South Korea's intelligence service told lawmakers Monday that 4 North Korean government spies were involved in the killing of the estranged half brother of North Korean ruler Kim Jong Un.
Lawmakers cited the National Intelligence Service as telling them in a private briefing that four of the North Koreans identified as suspects by Malaysian police investigating the Feb. 13 death of Kim Jong Nam are from the Ministry of State Safety, the North's spy organ.
The NIS was quoted as saying that two other suspects are affiliated with Pyongyang's Foreign Ministry, according to Lee Cheol Woo, one particular of the lawmakers who attended the briefing. Yet another lawmaker Kim Byeong-ki cited the NIS as saying Kim Jong Un directed a "state-organized terror" to kill his brother.
Lawmakers didn't say how the NIS got the information and facts and if it elaborated on what precise roles these North Korean suspects performed.
Malaysia hasn't straight accused North Korea of obtaining masterminded the Kim Jong Nam killing but is pursuing quite a few North Korean suspects, such as a diplomat at the North Korean Embassy in Kuala Lumpur.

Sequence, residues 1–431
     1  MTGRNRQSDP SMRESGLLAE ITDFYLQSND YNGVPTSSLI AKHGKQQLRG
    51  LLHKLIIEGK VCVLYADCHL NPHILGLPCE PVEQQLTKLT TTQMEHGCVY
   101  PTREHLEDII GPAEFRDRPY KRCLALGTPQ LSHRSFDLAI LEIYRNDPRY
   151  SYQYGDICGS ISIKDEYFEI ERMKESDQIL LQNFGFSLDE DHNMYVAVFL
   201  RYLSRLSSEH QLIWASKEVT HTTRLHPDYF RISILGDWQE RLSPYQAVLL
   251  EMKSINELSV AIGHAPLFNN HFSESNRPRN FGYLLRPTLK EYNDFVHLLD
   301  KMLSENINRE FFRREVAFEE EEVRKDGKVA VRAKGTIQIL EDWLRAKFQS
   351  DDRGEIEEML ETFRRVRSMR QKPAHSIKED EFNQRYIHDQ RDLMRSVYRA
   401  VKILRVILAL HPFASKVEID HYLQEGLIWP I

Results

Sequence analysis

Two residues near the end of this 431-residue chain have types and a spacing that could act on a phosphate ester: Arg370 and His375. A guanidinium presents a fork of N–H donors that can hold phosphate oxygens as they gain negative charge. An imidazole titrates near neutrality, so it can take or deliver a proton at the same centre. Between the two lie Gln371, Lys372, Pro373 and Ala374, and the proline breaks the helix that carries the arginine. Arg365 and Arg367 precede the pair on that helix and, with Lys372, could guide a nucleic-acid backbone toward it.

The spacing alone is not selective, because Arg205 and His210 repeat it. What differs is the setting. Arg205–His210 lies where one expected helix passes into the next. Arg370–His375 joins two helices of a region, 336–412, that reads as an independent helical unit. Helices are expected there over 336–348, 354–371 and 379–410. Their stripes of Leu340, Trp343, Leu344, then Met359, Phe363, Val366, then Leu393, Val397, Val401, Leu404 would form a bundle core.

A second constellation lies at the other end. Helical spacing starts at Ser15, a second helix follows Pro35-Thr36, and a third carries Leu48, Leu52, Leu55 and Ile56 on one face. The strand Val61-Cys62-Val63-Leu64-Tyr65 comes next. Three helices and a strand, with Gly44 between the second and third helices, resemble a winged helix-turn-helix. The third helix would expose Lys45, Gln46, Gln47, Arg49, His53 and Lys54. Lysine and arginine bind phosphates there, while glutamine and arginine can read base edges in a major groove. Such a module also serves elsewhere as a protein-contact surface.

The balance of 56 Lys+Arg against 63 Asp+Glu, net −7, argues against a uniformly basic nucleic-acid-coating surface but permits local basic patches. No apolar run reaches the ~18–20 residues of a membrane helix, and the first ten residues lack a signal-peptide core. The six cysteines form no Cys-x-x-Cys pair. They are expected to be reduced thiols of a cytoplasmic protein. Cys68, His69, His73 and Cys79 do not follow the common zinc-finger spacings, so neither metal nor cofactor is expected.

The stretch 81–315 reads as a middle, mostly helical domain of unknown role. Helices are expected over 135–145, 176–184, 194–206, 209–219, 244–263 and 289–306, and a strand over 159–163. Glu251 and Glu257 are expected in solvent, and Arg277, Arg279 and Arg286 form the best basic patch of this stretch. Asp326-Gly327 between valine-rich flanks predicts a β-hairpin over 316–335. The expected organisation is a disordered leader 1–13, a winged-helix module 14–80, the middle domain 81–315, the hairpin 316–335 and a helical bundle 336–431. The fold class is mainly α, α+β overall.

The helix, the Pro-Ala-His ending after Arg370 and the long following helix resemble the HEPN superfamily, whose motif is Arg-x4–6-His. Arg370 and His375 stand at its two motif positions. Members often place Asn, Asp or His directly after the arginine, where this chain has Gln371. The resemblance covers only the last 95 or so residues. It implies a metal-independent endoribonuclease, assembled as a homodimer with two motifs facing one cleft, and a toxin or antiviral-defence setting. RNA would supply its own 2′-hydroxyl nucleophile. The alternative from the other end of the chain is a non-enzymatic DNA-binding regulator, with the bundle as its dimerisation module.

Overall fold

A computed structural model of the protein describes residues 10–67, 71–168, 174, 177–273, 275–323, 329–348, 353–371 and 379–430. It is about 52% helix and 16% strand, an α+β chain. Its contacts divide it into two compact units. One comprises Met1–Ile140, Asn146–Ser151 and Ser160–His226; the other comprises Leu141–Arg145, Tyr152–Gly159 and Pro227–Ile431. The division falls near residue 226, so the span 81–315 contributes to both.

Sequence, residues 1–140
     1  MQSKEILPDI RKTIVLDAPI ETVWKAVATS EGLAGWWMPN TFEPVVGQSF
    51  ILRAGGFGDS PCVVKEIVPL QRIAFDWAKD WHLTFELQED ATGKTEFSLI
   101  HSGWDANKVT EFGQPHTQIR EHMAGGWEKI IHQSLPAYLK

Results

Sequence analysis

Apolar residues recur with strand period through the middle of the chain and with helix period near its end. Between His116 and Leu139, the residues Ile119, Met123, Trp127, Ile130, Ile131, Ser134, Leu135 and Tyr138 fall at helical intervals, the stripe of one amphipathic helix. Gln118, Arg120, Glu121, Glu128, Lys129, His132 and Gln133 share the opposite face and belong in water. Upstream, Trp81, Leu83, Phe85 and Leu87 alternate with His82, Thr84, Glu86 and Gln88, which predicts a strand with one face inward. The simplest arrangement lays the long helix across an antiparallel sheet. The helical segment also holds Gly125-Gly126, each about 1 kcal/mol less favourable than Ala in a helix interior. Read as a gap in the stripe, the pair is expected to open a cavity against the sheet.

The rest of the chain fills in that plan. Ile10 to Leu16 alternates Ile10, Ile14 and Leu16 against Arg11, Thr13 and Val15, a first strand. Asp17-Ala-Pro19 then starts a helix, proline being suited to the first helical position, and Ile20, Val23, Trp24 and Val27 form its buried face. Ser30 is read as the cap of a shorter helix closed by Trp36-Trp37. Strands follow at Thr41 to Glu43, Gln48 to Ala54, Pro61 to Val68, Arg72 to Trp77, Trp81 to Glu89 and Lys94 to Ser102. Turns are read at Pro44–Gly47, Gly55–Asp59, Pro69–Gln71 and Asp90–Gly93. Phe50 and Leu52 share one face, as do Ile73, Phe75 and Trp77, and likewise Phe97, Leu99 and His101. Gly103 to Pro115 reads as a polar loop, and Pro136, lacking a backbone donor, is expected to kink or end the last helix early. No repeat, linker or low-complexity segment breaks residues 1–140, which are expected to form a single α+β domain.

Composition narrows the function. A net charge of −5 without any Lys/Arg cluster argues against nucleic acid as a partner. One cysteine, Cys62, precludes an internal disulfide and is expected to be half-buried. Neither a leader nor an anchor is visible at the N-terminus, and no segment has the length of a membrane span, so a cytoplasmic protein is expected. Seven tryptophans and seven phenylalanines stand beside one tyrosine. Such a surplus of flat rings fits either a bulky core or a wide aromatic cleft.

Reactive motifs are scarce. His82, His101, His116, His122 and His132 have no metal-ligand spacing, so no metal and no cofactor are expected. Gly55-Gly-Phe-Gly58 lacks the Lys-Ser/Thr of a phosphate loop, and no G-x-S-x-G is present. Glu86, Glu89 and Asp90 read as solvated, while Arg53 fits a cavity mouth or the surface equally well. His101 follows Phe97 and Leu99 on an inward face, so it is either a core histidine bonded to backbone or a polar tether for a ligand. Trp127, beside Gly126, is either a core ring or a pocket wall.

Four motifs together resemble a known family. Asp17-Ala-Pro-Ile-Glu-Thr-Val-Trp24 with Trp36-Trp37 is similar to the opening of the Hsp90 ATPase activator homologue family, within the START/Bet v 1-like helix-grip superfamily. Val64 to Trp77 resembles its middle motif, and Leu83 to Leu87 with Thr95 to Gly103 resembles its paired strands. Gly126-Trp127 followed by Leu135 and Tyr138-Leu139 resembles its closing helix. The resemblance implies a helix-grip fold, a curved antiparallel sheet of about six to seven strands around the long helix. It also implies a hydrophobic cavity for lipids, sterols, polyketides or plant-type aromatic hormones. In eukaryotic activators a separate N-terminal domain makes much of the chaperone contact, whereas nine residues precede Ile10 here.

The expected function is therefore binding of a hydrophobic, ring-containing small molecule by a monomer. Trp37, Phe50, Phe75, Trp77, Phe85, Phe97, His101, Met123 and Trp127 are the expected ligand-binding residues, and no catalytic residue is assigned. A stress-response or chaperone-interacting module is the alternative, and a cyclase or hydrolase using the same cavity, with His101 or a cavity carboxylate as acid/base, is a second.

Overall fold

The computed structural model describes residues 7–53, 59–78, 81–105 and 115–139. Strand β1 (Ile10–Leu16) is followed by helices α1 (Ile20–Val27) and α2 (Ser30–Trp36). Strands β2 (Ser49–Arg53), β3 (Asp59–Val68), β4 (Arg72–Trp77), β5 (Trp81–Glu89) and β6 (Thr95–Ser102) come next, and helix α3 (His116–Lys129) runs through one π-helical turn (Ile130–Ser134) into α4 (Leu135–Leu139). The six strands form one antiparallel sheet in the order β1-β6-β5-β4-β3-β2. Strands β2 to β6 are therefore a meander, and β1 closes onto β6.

Kim Jong Nam died Feb. 13 at Kuala Lumpur's airport in what Malaysian police say was a nicely-planned hit by a Vietnamese lady and an Indonesian lady who separately wiped a liquid onto Kim's face. Police last week identified the substance as the banned chemical weapon VX nerve agent, and Malaysia's health minister mentioned Sunday the dose was so high it brought on "extremely significant paralysis" and killed him inside 20 minutes.
Malaysian officials have said 4 North Korean guys offered the two girls with the VX agent, then fled Malaysia the exact same day.
It was unclear if those 4 were the 4 North Korean spies cited by South Korea's intelligence agency.
North Korea has repeatedly criticized Malaysia's investigation and has not acknowledged the victim's identity.
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